Union veterans remained determined to praise only the Union heroes who saved the country, rather than a Rebel who had tried to destroy it. The praise allotted to the rebel chieftain wore Grand Army veterans particularly thin. One Collier’s Weekly article citing Lee as America’s most “noble citizen” especially drew fire from the GAR’s patriotic instructor, Robert Kissick of Iowa. “If Lee was all you claim, then the men I represent were wrong in fighting to preserve the nation he fought to destroy.” Further arguing that “Lee did not follow his state out of the Union,” but rather, “his state followed him,” Kissick lambasted the Confederate hero and heaped much of the blame for upper South secession on Lee’s shoulders. As decades passed, few Union veterans could stomach the praise of Robert E. Lee. In 1922, when the American Legion attempted to honor Lee’s birthday, veterans of the Pennsylvania GAR shuddered at the idea that anyone would “place a premium on Disloyalty to the Flag and our Country.”

Although adulation of the Rebel general found a place among northern civilians who perhaps sentimentalized or romanticized the genteel south and all that the Lee family embodied, Lee’s standing among Union veterans never reached the heights the general obtained in the South.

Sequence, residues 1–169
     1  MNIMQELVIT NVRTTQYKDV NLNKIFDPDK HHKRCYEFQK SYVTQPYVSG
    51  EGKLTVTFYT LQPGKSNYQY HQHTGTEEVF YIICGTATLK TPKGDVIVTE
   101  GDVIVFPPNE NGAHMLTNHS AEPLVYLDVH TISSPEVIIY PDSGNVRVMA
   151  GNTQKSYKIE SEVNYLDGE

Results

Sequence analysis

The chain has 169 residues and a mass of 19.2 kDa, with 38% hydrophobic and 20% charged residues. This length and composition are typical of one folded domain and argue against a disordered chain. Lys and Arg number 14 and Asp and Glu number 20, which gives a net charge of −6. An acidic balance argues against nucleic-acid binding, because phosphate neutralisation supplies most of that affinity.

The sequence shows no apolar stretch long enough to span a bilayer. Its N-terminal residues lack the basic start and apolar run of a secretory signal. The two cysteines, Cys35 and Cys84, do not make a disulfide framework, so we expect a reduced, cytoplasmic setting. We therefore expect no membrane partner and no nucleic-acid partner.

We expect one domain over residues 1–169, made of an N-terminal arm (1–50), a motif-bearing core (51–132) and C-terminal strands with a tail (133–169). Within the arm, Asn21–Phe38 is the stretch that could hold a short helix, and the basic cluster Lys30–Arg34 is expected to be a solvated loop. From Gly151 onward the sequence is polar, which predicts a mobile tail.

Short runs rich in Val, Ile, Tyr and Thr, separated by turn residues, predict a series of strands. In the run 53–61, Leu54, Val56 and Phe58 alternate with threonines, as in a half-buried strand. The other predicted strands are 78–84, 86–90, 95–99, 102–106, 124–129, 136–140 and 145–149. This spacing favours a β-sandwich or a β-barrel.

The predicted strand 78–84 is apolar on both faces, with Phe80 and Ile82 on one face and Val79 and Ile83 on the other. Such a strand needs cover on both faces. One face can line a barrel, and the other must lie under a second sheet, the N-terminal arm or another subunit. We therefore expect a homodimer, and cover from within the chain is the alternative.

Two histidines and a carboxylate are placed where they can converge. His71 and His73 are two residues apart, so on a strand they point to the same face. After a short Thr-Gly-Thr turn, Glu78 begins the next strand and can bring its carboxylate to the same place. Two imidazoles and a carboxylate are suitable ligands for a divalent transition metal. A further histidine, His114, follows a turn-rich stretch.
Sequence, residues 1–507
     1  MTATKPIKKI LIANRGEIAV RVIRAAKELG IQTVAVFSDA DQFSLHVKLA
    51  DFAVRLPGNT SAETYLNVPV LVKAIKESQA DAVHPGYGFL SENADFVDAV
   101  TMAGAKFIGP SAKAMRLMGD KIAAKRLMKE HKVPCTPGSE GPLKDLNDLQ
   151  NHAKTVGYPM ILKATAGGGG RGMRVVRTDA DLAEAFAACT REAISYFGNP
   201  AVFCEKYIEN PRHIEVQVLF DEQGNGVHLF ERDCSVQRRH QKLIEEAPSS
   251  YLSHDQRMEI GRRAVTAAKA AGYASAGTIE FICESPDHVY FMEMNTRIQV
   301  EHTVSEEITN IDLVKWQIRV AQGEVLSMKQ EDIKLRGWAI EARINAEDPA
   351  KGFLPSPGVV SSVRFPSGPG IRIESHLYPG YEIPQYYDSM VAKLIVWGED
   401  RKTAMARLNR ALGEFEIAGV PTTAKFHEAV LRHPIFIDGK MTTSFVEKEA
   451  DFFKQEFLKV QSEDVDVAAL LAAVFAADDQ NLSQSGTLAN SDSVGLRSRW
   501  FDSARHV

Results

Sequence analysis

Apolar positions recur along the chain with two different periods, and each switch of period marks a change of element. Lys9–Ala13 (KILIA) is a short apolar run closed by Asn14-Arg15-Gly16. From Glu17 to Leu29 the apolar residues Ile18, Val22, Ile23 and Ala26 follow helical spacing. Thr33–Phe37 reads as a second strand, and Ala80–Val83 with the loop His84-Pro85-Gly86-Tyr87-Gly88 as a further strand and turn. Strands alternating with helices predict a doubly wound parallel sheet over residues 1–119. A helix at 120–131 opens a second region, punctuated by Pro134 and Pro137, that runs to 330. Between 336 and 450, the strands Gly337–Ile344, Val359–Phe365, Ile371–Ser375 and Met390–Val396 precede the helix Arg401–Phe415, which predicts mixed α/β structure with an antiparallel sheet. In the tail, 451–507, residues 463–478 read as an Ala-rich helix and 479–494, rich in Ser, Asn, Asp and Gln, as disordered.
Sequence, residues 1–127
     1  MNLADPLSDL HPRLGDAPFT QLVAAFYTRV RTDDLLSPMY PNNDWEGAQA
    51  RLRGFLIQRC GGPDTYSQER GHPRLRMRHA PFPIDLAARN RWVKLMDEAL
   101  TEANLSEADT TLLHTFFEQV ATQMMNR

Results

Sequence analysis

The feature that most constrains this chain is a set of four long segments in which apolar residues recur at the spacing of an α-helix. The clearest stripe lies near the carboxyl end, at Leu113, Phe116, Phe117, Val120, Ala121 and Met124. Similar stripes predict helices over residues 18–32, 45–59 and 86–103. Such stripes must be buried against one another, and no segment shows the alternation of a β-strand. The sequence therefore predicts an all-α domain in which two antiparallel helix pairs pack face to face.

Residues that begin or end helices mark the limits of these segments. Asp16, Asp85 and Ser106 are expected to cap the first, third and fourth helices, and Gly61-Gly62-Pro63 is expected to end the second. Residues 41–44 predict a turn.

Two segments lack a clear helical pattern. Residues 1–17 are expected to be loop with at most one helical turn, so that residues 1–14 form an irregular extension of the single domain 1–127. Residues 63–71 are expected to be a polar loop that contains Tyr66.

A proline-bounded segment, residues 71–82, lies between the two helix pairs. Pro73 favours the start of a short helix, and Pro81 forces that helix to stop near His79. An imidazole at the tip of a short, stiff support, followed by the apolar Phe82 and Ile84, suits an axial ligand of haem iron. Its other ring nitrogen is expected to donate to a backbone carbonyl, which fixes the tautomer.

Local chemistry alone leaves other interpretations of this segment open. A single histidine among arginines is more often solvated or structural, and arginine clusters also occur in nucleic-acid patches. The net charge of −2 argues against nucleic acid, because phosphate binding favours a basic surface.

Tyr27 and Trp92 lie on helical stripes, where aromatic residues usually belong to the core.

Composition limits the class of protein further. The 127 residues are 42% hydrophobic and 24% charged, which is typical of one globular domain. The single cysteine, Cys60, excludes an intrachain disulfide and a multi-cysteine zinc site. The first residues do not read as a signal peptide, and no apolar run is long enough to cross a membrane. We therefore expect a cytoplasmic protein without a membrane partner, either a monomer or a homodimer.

With compliments,

Keith

Stanton Post, GAR – Angeles Rosewood Cemetery

Screen Shot 2015-04-04 at 6.15.54 PMGreetings all – today I went to visit the Stanton Post, Grand Army of the Republic cemetery plot at the Angeles Rosewood Cemetery in Los Angeles. One of the older area cemeteries, I found it to retain its antiquated (for LA) charm, but also thought it in need of drastic attention. The grounds are overgrown and the lawns dead in many areas, and a great deal of the stones and monuments are in a grim state of disrepair. This is especially the unfortunate condition of the veterans’ plot – consecrated by the Stanton Post, GAR in 1908. Here rest Union veterans of the Civil War and United States soldiers from the subsequent Indian Wars and the War with Spain in 1898.

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By the way, this is an integrated plot, something that cannot be said of the other early-twentieth century cemeteries in the area.

With compliments,

Keith

John A. Logan’s General Order #11 Designating Memorial Day

Screen Shot 2014-05-26 at 9.20.07 AMGrand Army of the Republic commander John A. Logan issued GAR General Order #11 on May 5, 1868. Note that the twin themes of Union and emancipation hold equal significance: